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The Spread of Islam

Occupations in the 5th and 6th centuries by the Vandals,Visigoths, and the Byzantine empire were all short lived and left a divided Morocco, known as the Al Maghreb Aqsa ("The Farthest West") ripe for Arab invasions during the late 7th and early 8thcenturies. During the next six centuries, Morocco withered under a series of invasions by rival Islamic sects and dynasties, both from the East and South. Islamic influence began in Morocco in the seventh century A.D. Arab conquerors converted the indigenous Berber population to Islam, but Berber tribes retained their customary laws. The Arabs abhorred the Berbers as barbarians, while the Berbers often saw the Arabs as only an arrogant and brutal soldiery bent on collecting taxes. Once established as Muslims, the Berbers shaped Islam in their own image and embraced schismatic Muslim sects, which, in many cases, were simply folk religion barely disguised as Islam, as their way of breaking from Arab control.

The Saracens of Northern Africa played a by no means inconspicuous role among the civilised peoples of the Middle Ages. Separated from Egypt by sandy deserts, the Arabian provinces with the which corresponded to the old Vandal kingdom of Africa, and of necessarily took up, even before repudiating allegiance to Cordova and with the the Caliph of Bagdad, a position of practical independence. Divided under the Aglabites and Edrisites but reunited the under the Almohades, they were in whole or part at times (907 — 1171) variously connected with the Abbasside Caliphs, with the Caliphs of Cordova and with the rival Caliphates of Fez (803-949) and the Fatimites (907-1171). Repeatedly recruited from the virile force of the borderland deserts, they sent forth successive bands of conquerors to Sicily and Southern Italy, to Egypt and to Spain.

The narrow strip of habitable land between the great African desert and the Mediterranean Sea was always the nursery of schismatics. The superstitious and credulous Berbers offered a favorable soil for the germination of all varieties of Mohammadan heresy. Any prophet who found himself without honor in his own country had only to go to the Berbers of North Africa to be sure of a welcome and an enthusiastic following; whilst the distance from the center of the Caliphate and the natural turbulence and warlike character of the population predisposed the 'Abbaskis to ignore the disloyalty of provinces which profited them little and cost them ceaseless energy and expense to control. Hence the success of such strange developments of Islam as the Almoravides and Almohades, the establishment of 'Alid dynasties such as the Idrasids and Fatimids. North Africa had been subdued by the Arabs with difficulty between the years 647 (26) and 700, and had since been ruled with varying success by the lieutenants of the Caliphs. North Africa became a prey to anarchy, which was only suppressed by allowing the local dynasties, which then sprang up, to exercise independent authority. After the year 800 the 'Abbasid Caliphs had no influence whatever west of the frontier of Egypt.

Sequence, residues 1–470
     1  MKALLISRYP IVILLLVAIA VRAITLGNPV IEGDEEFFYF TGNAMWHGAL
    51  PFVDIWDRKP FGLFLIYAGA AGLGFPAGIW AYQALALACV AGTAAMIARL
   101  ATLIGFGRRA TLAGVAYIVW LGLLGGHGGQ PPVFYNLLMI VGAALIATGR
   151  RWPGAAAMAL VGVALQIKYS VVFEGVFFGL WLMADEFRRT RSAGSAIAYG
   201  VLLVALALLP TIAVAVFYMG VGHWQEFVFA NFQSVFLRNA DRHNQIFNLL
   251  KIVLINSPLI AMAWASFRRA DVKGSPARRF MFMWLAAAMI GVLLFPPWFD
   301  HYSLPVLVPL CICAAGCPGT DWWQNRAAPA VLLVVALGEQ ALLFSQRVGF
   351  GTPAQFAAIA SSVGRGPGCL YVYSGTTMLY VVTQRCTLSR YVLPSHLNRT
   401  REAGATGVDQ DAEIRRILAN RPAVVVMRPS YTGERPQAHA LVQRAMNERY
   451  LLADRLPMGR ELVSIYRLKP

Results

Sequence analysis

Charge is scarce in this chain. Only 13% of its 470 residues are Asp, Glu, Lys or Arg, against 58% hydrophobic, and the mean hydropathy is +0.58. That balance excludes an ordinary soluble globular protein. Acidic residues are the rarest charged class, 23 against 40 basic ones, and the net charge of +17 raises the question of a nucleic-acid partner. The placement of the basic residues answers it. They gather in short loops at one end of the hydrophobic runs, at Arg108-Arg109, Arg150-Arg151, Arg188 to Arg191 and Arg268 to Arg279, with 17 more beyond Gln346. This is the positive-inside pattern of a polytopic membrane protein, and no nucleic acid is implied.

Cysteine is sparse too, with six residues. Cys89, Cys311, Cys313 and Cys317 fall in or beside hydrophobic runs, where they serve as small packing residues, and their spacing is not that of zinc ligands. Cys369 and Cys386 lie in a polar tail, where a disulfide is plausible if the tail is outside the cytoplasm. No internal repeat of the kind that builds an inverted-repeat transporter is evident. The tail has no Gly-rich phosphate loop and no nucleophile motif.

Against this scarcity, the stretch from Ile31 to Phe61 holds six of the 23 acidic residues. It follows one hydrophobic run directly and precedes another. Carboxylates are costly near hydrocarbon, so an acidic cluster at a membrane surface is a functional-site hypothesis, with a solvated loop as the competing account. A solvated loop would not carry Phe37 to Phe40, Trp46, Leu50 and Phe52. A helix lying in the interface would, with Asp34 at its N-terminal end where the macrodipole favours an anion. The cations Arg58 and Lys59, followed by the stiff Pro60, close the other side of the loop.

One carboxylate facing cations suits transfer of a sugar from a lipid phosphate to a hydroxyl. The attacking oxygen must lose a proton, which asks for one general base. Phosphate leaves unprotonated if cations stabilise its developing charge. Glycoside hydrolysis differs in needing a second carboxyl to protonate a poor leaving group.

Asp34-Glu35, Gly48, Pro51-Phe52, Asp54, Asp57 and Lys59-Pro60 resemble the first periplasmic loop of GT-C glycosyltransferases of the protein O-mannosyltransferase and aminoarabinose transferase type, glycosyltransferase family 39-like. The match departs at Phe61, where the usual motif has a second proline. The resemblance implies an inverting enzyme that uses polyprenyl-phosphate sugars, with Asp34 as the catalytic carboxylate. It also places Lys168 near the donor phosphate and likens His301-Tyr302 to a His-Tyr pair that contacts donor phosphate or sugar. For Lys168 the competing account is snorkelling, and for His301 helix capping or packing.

The eleventh and twelfth centuries witnessed the founding of several great Berber dynasties led by religious reformers and each based on a tribal confederation that dominated the Maghrib (also seen as Maghreb; refers to North Africa west of Egypt) and Spain for more than 200 years. The Berber dynasties (Almoravids, Almohads, and Merinids) gave the Berber people some measure of collective identity and political unity under a native regime for the first time in their history, and they created the idea of an “imperial Maghrib” under Berber aegis that survived in some form from dynasty to dynasty. But ultimately each of the Berber dynasties proved to be a political failure because none managed to create an integrated society out of a social landscape dominated by tribes that prized their autonomy and individual identity.

After the final fall of Andalusia (the last Arab entity remaining in Spain from the Cordova caliphate) in 1492, Morocco fought off continuous invasions from Portugal, Spain, and England through the 17th century. In 1559 the region fell to successive Arab tribes claiming descent from the Prophet Muhammad: first the Saads, who ruled for about 100 years, and then the Alawis, who founded a dynasty that has remained in power since the seventeenth century. Despite the weakness of its authority, the Alawite dynasty distinguished itself in the eighteenth and nineteenth centuries by maintaining Morocco’s independence while other states in the region succumbed to Turkish, French, or British domination. However, in the latter part of the nineteenth century Morocco’s weakness and instability invited European intervention to protect threatened investments and to demand economic concessions. The first years of the twentieth century witnessed a rush of diplomatic maneuvering through which the European powers and France in particular furthered their interests in North Africa. Disputes over Moroccan sovereignty were links in the chain of events that led to the Great War.